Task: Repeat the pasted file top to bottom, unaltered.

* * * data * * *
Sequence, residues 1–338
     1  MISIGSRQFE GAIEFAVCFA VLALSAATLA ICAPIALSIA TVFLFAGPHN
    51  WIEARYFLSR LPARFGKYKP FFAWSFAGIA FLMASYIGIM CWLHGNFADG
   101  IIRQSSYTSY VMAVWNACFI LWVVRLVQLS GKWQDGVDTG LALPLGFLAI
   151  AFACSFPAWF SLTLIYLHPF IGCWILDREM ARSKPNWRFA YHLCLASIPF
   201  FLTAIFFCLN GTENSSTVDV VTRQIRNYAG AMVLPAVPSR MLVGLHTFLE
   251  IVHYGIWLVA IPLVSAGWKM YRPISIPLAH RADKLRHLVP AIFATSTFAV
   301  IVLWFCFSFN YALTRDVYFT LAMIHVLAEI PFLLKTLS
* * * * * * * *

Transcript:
Sequence, residues 1–338
     1  MISIGSRQFE GAIEFAVCFA VLALSAATLA ICAPIALSIA TVFLFAGPHN
    51  WIEARYFLSR LPARFGKYKP FFAWSFAGIA FLMASYIGIM CWLHGNFADG
   101  IIRQSSYTSY VMAVWNACFI LWVVRLVQLS GKWQDGVDTG LALPLGFLAI
   151  AFACSFPAWF SLTLIYLHPF IGCWILDREM ARSKPNWRFA YHLCLASIPF
   201  FLTAIFFCLN GTENSSTVDV VTRQIRNYAG AMVLPAVPSR MLVGLHTFLE
   251  IVHYGIWLVA IPLVSAGWKM YRPISIPLAH RADKLRHLVP AIFATSTFAV
   301  IVLWFCFSFN YALTRDVYFT LAMIHVLAEI PFLLKTLS